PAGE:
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Engineering

Asyncio demystified

PyCon Italia 2023 gave us great insights on applying Asyncio in our day to day. Find out more about asynchronous programming in this blog!

admin 9 months ago
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Written by Ivan Knezović and Tonino Kaštelan

Why another async blog

Earlier this year we attended the PyCon Italia, where we had opportunities to witness some really interesting topics and talks. One that caught our eye was the talk called The Hitchhiker’s guide to Asyncio by Fabbiani (great fellow 😁). Due to the surprisingly large number of people who attended the talk, more than half of us had to sit on the floor. Obviously, there was a huge amount of people who either did not understand this topic or sought to understand it better. Through the talk, we were pleasantly surprised with the approach used. Instead of jumping into technical jargon and explaining what is happening in the background, the presenter used analogies to bring the topic closer to the audience. This inspired us to delve deeper into the topic, understand it better ourselves by explaining it to each other through analogies, and finally after completely simplifying it, bring it to you, to hopefully better your understanding of this topic.

What is asynchronous programming?

Asynchronous programming is a programming paradigm that enables you to write code without blocking the main thread of execution. It might sound complex, but it is pretty much straightforward. This means that your program can take a break or do something else while the asynchronous task is running. Let’s illustrate this concept with a simple example.

Meet Little Tommy Sync. Tommy had been tasked to wash the dishes before he could go outside and play. So, being a good boy, he picks up the dishes and starts washing them one by one. Once he finishes, he can finally go outside and play.

On the other hand, we have Async Bob. Bob realizes he has a dishwasher, so he gathers all the dirty dishes, places them in the dishwasher and turns it on. Now, with some free time on his hands, he relaxes and plays video games for a while. Later, he takes the dishes out of the dishwasher and heads outside to play with Tommy.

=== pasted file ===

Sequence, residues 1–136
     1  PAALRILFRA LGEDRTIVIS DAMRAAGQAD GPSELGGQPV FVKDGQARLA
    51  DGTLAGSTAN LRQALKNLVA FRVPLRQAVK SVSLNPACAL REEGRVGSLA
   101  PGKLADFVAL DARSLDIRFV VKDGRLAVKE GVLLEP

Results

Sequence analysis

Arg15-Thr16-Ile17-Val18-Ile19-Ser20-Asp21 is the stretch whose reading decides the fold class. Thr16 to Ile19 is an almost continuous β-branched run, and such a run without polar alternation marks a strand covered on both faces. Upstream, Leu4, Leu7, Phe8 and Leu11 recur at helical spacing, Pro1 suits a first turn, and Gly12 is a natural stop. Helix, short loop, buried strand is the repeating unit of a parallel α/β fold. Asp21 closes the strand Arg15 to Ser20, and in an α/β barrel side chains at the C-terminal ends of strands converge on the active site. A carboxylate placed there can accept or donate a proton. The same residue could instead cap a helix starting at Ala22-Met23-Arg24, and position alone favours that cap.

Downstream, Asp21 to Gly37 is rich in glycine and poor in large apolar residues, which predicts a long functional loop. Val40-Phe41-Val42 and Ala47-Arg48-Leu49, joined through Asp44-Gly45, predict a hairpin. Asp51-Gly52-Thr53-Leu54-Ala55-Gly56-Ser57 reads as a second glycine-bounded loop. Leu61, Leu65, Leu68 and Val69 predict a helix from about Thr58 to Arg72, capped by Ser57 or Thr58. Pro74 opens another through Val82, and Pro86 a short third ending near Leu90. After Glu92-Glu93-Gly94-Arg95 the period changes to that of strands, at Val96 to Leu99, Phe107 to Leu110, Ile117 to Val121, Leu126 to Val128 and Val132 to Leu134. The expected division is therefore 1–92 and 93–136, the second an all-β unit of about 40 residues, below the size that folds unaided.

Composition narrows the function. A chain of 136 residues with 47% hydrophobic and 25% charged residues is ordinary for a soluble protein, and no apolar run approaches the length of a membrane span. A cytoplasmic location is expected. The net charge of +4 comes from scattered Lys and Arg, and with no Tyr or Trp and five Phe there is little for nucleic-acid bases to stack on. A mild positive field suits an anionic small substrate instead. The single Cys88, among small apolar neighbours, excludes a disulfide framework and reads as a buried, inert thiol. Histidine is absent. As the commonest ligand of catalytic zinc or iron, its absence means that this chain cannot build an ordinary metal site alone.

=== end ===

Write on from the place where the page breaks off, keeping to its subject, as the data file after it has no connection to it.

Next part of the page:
Notice how both Tommy and Bob completed their chores at approximately the same time. However, Bob had more time to relax and do other things while the dishwasher was doing the work. 

That’s precisely the essence of asynchronous programming — utilizing available resources in the most efficient manner. In the world of programming, we can harness this power to enable other tasks to run and reach completion while we patiently wait for a background task to wrap up its execution.

So how could we translate this to Python?

As in Python ync

The Asyncio library in Python provides a powerful framework for asynchronous programming. It allows you to easily write concurrent code that can efficiently handle multiple tasks without blocking the execution flow.

The core concept behind Asyncio is the use of coroutines, which are functions that can be paused and resumed, allowing other tasks to be executed in the meantime. And all of those tasks are orchestrated by an event loop. Together they make the basic building blocks of the Asyncio library. Let’s again use an analogy to simplify this concept.

Imagine a fantastic orchestra where the event loop plays the part of the conductor, just like Tommy guiding the show. In this musical world, Bob and Ricardo, the coroutines, step into the spotlight as skilled musicians. They effortlessly perform their parts, pausing, switching and resuming with ease, adding a delightful rhythm to the performance. Tommy, with his expertise, directs the event loop, flawlessly coordinating and executing tasks, creating a mesmerizing and well-orchestrated spectacle that enchants the audience.